Folks should know that in Monroe's comeback campaign in 1998, he ran against Senator Duncan for his seat. It was an impressive campaign, pitting two men who had run for statewide office (Sweetland unsuccessfully for Secretary of State, Duncan successfully for Superintendent of Public Instruction) and yet it was done with comity and grace.

  • Brian Newman (unverified)

    When I ran for city council in Milwaukie, Monroe gave me my first endorsement and was the first signature on my nominating petition. I was nervous and new to politics, but Monroe was very encouraging which helped me believe in myself as a candidate. He would call about once every few weeks with advice and questions, always asking me how I planned to reach out to senior voters. I knew that he was a former State Senator and newspaper publisher, but I didn't really know until years later that he had such a major impact on building the Democratic party. He was such a humble man.

    The last time I saw Monroe was in July when I hosted a house party for Lynn Peterson. Monroe showed up sporting his ACLU baseball cap and asked Lynn a lot of questions about how to make Clackamas County government more accessible to the citizens. Despite his impaired eyesight, he had such a twinkle in those old blue eyes.

    I will sincerely miss him. Right now, he his probably up in heaven registering new voters.

  • Ned Hopkins (unverified)

    I first met Monroe in 1968. To me, then, he was merely one of five colleagues in the National Education Association’s West Coast (Burlingame, California) Office.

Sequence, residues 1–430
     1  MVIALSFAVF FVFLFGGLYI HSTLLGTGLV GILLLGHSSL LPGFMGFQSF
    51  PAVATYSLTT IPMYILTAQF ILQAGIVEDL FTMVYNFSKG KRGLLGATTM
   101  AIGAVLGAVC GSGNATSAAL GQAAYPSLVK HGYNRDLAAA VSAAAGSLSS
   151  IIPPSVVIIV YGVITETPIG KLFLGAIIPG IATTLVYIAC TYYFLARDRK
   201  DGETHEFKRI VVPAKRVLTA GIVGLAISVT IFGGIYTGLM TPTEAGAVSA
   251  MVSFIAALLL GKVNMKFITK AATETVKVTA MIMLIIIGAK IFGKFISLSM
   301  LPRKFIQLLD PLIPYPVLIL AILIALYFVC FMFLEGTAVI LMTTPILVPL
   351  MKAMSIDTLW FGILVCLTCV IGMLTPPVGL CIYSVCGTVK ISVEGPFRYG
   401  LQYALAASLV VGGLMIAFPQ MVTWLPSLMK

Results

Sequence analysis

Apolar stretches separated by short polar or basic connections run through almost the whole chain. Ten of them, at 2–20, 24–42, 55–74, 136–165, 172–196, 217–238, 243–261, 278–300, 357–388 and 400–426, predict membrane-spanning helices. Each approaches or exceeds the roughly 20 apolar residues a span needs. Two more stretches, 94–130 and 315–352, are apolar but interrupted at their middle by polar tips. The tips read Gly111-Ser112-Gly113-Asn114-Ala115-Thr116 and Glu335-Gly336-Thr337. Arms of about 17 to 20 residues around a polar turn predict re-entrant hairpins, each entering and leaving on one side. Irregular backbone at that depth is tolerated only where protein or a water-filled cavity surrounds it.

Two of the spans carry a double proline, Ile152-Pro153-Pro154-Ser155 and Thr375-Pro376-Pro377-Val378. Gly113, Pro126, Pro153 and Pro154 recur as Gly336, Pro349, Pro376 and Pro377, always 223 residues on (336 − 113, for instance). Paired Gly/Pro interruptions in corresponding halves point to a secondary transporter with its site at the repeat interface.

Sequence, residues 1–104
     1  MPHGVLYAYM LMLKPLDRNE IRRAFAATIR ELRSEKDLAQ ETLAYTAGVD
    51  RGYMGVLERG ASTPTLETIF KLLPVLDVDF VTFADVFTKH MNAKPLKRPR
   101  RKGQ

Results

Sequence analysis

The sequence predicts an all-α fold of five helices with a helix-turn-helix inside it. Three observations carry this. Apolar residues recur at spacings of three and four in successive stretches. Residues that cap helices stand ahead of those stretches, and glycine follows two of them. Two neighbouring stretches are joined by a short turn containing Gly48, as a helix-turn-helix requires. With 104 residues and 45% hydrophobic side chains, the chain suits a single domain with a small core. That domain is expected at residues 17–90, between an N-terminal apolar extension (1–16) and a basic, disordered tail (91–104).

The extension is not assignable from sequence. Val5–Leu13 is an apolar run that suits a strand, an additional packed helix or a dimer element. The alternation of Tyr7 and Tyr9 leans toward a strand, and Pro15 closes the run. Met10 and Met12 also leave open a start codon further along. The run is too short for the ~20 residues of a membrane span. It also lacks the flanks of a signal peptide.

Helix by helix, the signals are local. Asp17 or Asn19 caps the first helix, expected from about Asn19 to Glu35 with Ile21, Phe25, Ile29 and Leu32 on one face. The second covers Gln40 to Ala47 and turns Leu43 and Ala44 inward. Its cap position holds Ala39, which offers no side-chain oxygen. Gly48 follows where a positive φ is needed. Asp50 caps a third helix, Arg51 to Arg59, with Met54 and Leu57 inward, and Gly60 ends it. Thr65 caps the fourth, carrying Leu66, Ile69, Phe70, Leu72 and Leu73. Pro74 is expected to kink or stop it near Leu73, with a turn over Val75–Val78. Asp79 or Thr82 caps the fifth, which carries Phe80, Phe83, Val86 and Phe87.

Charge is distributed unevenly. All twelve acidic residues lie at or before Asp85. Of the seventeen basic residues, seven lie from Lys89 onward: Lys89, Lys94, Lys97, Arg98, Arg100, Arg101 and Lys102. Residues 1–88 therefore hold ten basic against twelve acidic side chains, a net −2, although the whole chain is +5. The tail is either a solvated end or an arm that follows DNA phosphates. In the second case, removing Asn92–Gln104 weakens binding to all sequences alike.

Only four years later, when I found myself communications director of New York City’s teachers union, did I begin to realize that Monroe was something bigger than just another NEA representative. On almost my first day in New York, the union president, the late Albert Shanker, asked me if I had ever met Monroe Sweetland.

    “Monroe?," I asked, somewhat puzzled. "Sure. He had the office next to mine.”

    Shanker then told me that Monroe was one of his heroes, largely for Monroe’s activities as a labor organizer in New York State in the 1930s. (Like most of the New York union leadership, Shanker was a social democrat.) Al was, to my amazement, more impressed that I knew Monroe Sweetland than that I had helped engineer the merger of the New York State NEA and AFL-CIO/American Federation of Teachers affiliates.

    I learned much more about Monroe in the years that followed, both after my return to the NEA and from reading and from a mutual friend, Reynaldo Martinez, another former NEA colleague and later chief-of-staff to Sen. Harry Reid of Nevada.